Bob Furmanek Insider
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    Precisely, good eye Nick.

    Note that was for the anamorphic VistaVision prints.

    Non-anamorphic was 2:1.
     
  9. EddieLarkin

    EddieLarkin Supporting Actor

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    I wasn't even aware VistaVision prints were available in an anamorphic variety. I know that the 8-perf horizontal prints were rare and reserved for premieres and the like (at 2.1 according to the document), and that there were non-anamorphic 4-perf reduction prints that could be matted as desired (1.75:1 is suggested for these as well, like the anamorphic style). But why were anamorphic prints even necessary? Widescreen Museum detail their existence but do not really explain why they were offered.

    edit: oh wait, I must have overlooked the following:
     
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  10. EddieLarkin

    EddieLarkin Supporting Actor

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    On a related note, Criterion are presenting Stuart Cooper's Overlord (1975) at 1.66:1. Twilight Time presented his follow up, The Disappearance (1977) at 1.85:1 (which of course, it looked fine at). Both were British productions. Interestingly though, he supervised the former transfer but not the latter.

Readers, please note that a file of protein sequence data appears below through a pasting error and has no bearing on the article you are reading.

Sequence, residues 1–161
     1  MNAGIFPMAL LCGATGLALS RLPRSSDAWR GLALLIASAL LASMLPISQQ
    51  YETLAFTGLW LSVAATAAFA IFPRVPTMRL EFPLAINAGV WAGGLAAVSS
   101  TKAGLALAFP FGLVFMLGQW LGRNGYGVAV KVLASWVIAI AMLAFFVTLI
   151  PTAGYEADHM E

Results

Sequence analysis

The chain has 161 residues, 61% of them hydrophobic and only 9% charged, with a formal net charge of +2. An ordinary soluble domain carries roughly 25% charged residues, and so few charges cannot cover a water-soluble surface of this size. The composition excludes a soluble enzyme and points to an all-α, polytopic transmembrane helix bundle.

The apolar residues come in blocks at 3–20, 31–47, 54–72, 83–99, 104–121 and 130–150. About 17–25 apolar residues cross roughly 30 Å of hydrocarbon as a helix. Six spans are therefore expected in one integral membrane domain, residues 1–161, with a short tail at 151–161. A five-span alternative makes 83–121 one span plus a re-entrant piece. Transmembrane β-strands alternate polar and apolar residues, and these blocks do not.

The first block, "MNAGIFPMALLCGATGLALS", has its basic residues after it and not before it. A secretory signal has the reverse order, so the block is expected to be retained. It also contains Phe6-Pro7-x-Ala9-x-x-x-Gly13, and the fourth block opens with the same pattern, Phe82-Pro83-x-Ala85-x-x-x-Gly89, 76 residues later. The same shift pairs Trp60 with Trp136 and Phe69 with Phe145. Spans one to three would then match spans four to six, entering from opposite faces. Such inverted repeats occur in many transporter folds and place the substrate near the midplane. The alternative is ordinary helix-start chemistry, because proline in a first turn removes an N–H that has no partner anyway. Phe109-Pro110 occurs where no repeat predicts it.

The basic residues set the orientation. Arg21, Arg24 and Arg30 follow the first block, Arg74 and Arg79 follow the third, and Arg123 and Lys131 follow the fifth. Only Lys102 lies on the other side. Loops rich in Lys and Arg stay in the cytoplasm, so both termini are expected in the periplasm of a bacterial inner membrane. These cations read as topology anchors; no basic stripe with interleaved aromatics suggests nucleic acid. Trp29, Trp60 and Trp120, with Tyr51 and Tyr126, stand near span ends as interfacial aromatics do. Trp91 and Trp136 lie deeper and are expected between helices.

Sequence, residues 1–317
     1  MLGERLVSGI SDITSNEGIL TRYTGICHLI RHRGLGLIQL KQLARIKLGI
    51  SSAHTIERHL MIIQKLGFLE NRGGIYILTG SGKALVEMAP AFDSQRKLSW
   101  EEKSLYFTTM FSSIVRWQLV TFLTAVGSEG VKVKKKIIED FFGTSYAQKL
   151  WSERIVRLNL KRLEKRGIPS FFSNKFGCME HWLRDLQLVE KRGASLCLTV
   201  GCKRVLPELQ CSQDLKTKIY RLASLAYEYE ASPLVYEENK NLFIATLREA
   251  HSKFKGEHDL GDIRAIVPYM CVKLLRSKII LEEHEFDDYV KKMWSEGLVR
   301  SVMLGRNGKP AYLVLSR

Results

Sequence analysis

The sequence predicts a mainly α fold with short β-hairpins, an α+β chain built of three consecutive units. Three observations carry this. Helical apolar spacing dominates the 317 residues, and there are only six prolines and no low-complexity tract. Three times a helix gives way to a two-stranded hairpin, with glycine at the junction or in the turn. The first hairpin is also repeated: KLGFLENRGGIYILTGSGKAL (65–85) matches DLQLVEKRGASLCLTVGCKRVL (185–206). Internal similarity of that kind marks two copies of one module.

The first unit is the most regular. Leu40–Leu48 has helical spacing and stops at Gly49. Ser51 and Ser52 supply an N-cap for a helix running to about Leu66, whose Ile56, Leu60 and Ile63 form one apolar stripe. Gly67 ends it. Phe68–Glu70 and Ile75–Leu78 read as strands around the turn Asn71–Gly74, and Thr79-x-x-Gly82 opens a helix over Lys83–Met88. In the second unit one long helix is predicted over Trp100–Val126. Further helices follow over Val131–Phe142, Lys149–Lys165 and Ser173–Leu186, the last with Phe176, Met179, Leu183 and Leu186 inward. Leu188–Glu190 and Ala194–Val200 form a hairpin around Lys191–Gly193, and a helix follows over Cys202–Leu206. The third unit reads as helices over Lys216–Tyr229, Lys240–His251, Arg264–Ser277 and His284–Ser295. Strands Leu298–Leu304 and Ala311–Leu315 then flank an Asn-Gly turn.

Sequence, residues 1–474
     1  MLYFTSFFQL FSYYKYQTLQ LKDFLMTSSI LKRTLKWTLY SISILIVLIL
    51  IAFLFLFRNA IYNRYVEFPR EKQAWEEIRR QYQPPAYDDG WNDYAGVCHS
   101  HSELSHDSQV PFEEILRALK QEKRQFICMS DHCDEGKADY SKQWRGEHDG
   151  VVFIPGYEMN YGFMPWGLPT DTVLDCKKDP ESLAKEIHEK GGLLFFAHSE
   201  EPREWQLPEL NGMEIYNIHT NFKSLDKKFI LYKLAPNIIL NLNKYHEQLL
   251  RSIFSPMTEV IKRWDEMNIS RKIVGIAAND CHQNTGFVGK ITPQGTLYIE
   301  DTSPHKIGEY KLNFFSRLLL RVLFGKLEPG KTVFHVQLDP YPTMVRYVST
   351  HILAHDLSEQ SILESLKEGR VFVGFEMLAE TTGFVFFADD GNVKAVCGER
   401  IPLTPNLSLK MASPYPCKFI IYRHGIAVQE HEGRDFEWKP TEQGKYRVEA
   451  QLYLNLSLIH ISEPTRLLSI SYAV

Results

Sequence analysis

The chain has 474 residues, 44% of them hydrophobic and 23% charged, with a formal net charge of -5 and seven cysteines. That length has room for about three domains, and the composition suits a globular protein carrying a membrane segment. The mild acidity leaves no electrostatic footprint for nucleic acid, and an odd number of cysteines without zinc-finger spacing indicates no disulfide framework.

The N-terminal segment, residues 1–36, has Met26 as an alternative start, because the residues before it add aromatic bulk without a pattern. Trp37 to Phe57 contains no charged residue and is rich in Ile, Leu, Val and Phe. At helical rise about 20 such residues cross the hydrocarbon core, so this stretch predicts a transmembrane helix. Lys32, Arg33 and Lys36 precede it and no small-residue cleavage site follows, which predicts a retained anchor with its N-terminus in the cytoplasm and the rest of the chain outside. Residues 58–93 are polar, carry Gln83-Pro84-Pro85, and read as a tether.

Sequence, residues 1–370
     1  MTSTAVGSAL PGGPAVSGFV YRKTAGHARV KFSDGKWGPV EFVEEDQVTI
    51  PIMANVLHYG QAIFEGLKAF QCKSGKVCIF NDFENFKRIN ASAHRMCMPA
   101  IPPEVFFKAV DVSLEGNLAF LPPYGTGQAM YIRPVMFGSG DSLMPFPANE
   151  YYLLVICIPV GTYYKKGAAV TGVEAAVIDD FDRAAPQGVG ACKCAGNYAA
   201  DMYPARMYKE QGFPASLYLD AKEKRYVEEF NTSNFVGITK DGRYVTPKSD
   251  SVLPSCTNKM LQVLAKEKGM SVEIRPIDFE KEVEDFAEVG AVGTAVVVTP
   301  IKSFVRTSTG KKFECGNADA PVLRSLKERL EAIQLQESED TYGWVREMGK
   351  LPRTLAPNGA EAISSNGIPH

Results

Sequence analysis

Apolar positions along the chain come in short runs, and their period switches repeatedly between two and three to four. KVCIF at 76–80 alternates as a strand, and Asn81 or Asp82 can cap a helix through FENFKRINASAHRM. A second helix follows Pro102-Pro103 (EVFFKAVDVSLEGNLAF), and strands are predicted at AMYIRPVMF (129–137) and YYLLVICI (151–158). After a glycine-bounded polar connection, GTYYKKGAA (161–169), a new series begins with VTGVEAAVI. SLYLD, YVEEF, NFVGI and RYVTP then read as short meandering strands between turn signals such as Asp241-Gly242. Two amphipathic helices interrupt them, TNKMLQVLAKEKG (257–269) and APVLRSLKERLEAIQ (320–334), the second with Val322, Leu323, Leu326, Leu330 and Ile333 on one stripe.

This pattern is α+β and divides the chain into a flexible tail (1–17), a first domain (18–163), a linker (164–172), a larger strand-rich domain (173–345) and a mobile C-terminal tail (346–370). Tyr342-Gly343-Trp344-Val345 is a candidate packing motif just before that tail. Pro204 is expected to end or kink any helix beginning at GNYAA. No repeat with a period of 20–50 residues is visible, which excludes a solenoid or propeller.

I know that TT did some interviews with him (filmed at Bruce's house!), so it would be interesting if anyone who may be in direct contact with him might mention this discrepancy. Specifically if the cameras used to film Overlord were really marked at 1.66:1, or something else.

    Though I wouldn't hold it against him if he finds such concern over the difference between these aspect ratios to be somewhat baffling!
     
  11. haineshisway

    haineshisway Producer

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    I'm seeing him soon - we're doing the soundtrack for Overlord (and it will also have The Disappearance on it, as well as another film he made called Hustle) - so I'll ask him.
     
  12. Vincent_P

    Vincent_P Screenwriter

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    Doesn't OVERLORD use a lot of vintage stock footage? Maybe that's why he went with the taller 1.66:1 aspect ratio.

    Vincent
     
  13. Brent Reid

    Brent Reid Second Unit

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    Error posting.
     
  14. Yorkshire

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    Bruce, that's interesting. You might want to ask him about what Criterion offered him with Overlord.